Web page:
Tuesday, November 08, 2005

THE INTERVIEW


Tell me a little bit about yourself, about your life? Where did you go
to school, and what classes did you study? What helped prepare you to
become the artist that you are today?



I'm from Adelaide Australia,
Where there is a major lack of commercial art schooling. So I found
myself in a graphic design course after high school. Where I learned a
lot of things, but not much drawing. I quit half way through. got a job
in computer games as a texture artist for a while. but I found I really
wanted to draw all day, not composite photos of walls into a handful of
pixels. so I have spent the last few years teaching myself as much as
possible. No idea if it's worked yet. but I wouldn't have it any other way.


How do you go about designing a character, and what goes through your
mind, from start to end?


I guess it depends what the character is for. But I tend to think in
terms of shape and mass first. How big is the character. What shape are
they, how do they hold them selves.
normally I have an instant but fuzzy idea of what a character will look
like, from reading the description or, if it's my own story, just from
my head. This initial image is sometimes a mix of Cliché junk. but I
find it hard to progress unless I get it out of my system first.
So, even before looking at reference I get all that stuff out of my
head. Sometimes it ends up a really nice original idea unfettered by
logic and research. Other times it is just a horrible mess of stuff I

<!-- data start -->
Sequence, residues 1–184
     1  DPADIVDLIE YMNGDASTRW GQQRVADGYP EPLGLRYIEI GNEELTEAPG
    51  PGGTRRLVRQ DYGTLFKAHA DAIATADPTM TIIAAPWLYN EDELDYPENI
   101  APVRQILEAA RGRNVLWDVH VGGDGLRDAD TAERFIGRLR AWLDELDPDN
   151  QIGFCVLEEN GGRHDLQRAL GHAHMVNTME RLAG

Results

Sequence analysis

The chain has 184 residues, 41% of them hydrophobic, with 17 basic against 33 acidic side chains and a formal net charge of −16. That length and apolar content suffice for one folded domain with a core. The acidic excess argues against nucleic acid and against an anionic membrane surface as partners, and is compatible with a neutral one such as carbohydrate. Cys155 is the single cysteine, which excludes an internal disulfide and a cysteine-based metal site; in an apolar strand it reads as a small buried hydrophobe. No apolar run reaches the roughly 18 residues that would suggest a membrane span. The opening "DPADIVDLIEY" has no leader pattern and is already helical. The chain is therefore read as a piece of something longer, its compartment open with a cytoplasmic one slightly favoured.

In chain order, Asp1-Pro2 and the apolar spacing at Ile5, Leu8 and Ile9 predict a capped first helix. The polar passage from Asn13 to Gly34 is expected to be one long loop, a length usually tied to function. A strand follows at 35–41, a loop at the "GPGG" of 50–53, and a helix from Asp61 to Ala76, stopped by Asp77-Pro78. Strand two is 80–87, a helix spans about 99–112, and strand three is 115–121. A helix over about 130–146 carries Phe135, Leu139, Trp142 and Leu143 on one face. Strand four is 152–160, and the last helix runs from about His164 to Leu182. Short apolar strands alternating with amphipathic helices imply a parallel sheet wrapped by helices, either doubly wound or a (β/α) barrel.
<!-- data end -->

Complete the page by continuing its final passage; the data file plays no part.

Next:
have seen before.
if it's good I might try and develop it. if it's rubbish then that spurs
me on to find out why and see if I can make it better via research.
Looking at what has been done before. What makes that kind of character
work. Or not work.
If there is a tight deadline or no spark of ideas then you can always
fall back on tested ways of coming up with something interesting. For
example drawing out lots of thumbnails and then developing them up,
working with silhouette etc
But generally I dislike any systematic approach. I try to follow the
initial inspiration if it exists. which might be to draw a face, or a
thumbnail pose. or to read a book about the world the character lives
in. or to make up that world.
If that initial inspiration pays off, I move with it. But it might also
go bad. I might find that either the research is boring and I want to
start drawing, or I know what the character will look like exactly, and
drawing a thumbnail and building it up is just tedious. I will probably
end up doing all of those things at some point but the order doesn't
always matter.


What do you think really helps you out in designing a character?

Probably number one would be to realise what the goal of the project is.
Not every design has the same criteria for success. In many video games
for example. the player sees the back of the character for the whole
game. That backpack or whatever you put there better be pretty interesting!
Ideally you want to flesh all aspects out. but there isn't always time.
so getting to the heart of what will give maximum effect on a particular
design helps me a lot. sometimes you can't change the proportion of the
character due to technical limitations, so you might need to work on the
dark and light patterns their clothing makes to create interest. Or the
design might not be seen close up at all, and blowing out the shapes so
they can read at long distance is important.
If I misread this, it often leads to a lot of wasted time. or the design
looks great on paper but when it needs to be translated into it's final
medium it wont have such a good effect.

From your own experience and maybe from some people that you know, what
should we put in our portfolio and what should we not?



Never put anything in that isn't 110% your best work. first impressions